This is the seventh of Bill Birkett's prize-winning and widely praised photographic essays which portray, throughout the seasons, his love affair with the wildest and most impressive mountain areas of Britain. Snowdonia, the third largest National Park in Britain, is unsurpassed in its variety of landscape. It ranges through the high rugged mountains around Snowdon to the far-flung high groups of the Rhinogs, Arennigs and Arans, and the mighty Cadair Idris. It stretches some 85 kilometres - from Conwy and its magnificent castle in the north to Aberdovey and its Roman road in the south.
Snowdonia attracts over 6 million visitors annually. A leading centre for all who love the natural world and a major recreational area for climbers and walkers, it is not a region of complete wildness: adding to its character are the 27,500 people who live and work there, in the heartland of Welsh-speaking Wales. Some 65 per cent of the inhabitants have Welsh as their first language, and have strong links with other peoples of the Atlantic coast, such as Cornwall, Brittany and the Basque region of Spain. At 1,085 metres, Snowdon is the highest mountain in Wales and higher than any mountain in England; its evocative Welsh name Eryri means 'place of the eagles'.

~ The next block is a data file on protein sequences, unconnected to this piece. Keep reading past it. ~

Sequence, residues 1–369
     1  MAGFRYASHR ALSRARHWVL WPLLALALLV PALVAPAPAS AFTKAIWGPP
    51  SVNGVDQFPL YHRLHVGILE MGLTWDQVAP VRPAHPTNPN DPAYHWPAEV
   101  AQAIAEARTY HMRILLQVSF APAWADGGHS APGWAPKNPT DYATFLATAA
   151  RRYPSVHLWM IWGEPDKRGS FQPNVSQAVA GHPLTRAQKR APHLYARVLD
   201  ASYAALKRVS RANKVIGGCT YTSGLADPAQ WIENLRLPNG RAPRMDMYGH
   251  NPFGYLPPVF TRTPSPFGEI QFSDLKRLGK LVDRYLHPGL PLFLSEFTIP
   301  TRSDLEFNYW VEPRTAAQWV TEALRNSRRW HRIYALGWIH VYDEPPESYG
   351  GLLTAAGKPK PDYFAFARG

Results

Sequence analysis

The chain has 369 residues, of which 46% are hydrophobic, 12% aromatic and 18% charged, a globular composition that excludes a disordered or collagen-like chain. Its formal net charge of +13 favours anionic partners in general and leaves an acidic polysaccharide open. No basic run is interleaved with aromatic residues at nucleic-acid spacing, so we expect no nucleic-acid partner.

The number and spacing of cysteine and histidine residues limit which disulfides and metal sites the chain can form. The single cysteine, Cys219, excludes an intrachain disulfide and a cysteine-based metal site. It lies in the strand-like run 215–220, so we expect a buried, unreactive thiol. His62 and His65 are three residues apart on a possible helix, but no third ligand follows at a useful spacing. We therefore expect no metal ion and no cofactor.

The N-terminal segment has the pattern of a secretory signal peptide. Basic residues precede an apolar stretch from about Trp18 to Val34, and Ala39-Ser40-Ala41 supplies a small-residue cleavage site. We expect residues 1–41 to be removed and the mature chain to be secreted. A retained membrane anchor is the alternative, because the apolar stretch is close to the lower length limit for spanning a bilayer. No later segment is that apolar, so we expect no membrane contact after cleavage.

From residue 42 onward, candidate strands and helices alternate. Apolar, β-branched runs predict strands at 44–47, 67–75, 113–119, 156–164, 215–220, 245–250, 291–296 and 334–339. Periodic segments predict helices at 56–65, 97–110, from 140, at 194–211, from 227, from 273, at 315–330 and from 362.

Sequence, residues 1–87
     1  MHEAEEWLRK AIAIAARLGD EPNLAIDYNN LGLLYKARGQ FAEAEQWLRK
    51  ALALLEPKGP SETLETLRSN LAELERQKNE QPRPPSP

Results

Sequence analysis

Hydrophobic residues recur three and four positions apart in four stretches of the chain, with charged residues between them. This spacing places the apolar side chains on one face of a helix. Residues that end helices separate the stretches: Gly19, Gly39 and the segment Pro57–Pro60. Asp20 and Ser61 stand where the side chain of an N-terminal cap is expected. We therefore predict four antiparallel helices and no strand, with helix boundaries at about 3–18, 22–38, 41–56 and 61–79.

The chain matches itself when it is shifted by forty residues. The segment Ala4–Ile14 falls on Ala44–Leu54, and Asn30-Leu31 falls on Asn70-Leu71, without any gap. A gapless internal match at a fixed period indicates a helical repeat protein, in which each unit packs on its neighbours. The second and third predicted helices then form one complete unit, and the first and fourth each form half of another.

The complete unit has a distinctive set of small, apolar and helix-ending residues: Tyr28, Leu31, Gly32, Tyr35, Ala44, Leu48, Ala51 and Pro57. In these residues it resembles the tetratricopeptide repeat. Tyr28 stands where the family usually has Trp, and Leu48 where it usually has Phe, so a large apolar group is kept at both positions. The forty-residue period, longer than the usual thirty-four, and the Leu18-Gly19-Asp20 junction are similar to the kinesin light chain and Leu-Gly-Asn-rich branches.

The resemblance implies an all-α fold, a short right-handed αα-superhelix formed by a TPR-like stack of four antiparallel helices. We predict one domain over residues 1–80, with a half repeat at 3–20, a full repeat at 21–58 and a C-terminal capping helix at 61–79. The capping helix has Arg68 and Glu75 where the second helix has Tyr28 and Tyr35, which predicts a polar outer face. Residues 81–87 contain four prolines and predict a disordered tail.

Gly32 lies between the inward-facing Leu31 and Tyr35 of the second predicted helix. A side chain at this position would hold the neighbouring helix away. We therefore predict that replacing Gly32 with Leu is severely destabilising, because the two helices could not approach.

Along with some of the most dramatic and magnificent scenery in Britain, Eryri contains a huge variety of habitats for animals, birds and plants. Between the sea and the mountains the region has 37 kilometres of coastline, with beaches cut by deep estuaries. Above the coast, glacially carved valleys fed by mountain lakes and streams support the remnants of broad-leaved woodlands of oak, ash, rowan and hazel. There are more National Nature Reserves in Eryri than in any other National Park in Britain.